Last week I had the pleasure of presenting our East Lothian Police report for the first six months of the year to the scrutiny board.

The board is made up of elected representatives and gives them an opportunity to ask questions about the performance of the police over this period. I have detailed here some of the highlights:

There was a reduction in serious assaults with a 95.2 per cent solvency and a reduction in robberies with an 85.7 per cent solvency.

Group one (violent) crimes on the whole were up by nine crimes but those nine were due to the introduction of the new Domestic Abuse (Scotland) Act, which came into force on April 1. This creates an offences of coercive and controlling behaviour and is a really positive step to tackle domestic abuse, which is so prevalent in our society.

Group two crimes (sexual) dropped by nine crimes, with rape and attempted rape down by four crimes.

There was a small reduction in recorded group three crimes (acquisitive), with break-ins to all properties, such as houses, sheds, business premises etc down by 27 crimes, which is really positive.

Reported anti-social behaviour (ASB) dropped by 56 crimes and I thank our partners in the East Lothian Council Safer Communities team for their continued collaboration to tackle all forms of ASB.

One area of concern which continues to rise is domestic abuse. Since I started here as local area commander, I have spent a great deal of time reviewing our processes, improving our training and working closely with partners from all sectors. This is to collectively provide the best support and advocacy to victims of domestic abuse and robustly deal with those who perpetrate gender-based violence.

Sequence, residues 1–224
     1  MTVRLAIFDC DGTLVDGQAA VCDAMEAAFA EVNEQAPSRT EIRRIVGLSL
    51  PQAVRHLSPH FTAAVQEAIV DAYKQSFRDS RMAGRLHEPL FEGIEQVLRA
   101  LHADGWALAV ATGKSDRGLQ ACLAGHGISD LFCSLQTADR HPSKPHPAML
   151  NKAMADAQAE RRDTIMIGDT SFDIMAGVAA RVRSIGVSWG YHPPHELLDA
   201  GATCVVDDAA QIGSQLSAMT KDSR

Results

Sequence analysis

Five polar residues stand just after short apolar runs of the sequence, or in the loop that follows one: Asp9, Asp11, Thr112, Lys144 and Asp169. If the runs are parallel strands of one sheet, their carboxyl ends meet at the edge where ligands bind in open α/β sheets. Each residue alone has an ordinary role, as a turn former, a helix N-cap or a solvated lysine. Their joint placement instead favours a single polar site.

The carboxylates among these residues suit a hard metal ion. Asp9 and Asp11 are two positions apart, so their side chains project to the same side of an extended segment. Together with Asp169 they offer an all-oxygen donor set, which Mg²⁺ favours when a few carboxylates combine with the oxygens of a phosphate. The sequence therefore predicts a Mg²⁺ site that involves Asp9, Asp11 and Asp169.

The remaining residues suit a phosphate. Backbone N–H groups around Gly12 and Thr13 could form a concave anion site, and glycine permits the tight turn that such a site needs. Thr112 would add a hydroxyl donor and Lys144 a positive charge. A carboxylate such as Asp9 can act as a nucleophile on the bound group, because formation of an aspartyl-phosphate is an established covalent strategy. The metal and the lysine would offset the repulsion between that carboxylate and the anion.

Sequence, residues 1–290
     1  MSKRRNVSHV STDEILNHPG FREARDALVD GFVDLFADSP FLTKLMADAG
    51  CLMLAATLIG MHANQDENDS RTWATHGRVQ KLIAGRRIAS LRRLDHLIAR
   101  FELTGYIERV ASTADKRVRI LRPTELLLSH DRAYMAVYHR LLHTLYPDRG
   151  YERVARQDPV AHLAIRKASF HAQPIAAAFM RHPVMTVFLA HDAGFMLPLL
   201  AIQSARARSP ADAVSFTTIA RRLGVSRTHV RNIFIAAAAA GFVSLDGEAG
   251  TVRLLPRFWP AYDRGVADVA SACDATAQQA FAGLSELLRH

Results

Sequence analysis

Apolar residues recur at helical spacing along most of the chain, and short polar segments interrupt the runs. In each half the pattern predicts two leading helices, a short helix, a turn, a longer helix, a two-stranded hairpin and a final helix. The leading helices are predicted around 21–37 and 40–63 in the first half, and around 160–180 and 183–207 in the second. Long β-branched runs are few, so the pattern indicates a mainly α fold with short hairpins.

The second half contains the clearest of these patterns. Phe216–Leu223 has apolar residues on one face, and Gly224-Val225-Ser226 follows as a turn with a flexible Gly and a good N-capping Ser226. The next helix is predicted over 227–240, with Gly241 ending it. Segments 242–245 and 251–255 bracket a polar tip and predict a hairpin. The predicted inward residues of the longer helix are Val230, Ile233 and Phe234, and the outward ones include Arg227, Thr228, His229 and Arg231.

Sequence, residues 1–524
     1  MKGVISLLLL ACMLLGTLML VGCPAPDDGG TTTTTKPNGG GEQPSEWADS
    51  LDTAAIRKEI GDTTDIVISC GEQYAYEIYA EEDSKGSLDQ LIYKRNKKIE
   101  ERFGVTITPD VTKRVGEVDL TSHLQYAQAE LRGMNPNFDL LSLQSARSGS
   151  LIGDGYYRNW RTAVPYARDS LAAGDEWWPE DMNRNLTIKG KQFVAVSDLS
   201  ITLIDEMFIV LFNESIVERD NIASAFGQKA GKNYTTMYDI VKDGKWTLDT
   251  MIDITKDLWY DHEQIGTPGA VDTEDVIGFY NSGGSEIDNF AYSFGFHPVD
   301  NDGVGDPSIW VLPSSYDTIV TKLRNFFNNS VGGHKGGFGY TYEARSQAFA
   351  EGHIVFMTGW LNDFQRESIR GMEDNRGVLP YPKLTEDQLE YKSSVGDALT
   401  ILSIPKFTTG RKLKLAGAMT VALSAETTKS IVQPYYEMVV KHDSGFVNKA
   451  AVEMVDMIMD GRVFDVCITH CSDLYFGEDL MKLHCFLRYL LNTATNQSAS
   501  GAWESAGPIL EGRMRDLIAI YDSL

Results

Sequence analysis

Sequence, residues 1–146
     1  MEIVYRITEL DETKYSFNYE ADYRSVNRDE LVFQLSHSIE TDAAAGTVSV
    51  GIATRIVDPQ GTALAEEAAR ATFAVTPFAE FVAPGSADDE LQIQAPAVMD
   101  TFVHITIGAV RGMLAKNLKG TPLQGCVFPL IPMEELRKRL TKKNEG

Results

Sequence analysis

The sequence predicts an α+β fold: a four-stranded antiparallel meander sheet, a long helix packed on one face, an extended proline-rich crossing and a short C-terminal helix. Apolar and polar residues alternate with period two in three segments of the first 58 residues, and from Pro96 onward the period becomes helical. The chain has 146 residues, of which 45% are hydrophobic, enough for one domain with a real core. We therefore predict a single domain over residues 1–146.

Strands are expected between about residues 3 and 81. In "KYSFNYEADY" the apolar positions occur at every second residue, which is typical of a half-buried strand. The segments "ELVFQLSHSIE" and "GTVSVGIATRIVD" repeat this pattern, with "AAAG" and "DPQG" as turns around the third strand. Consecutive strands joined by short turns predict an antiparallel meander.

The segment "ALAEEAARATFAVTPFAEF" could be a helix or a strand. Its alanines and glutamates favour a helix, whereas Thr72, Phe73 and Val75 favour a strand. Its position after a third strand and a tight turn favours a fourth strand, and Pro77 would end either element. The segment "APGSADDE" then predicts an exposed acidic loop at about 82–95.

Domestic abuse is the greatest single demand on operational policing, taking up at least 20 per cent of officers’ time. The abuse isn’t just physical – it can be verbal, sexual, psychological or financial abuse which might amount to criminal conduct and which takes place within the context of a relationship. The people in that relationship don’t need to be married or in a civil partnership, they can be co-habiting or they could even be ex-partners living apart.

Here in East Lothian, I believe domestic abuse is under-reported and have been raising awareness of it over the last few months.

This has culminated in all my officers across the county supporting the 16 Days of Action against Domestic Violence.

This campaign is aimed at businesses to support them to take action against domestic abuse and violence. Each day of the campaign, we have an activity or event planned and you will find most of these promoted on our social media channels. We have raised awareness with businesses, agencies and organisations and got them to ‘take the pledge’ and I urge you to support this campaign and also take the pledge as well at

The police would like to know what issues you think they should prioritise, nationally and in your local area, as well as the best methods for communicating with you.

A call has been put out to county residents to contribute to policing priorities for East Lothian by filling in a short survey here.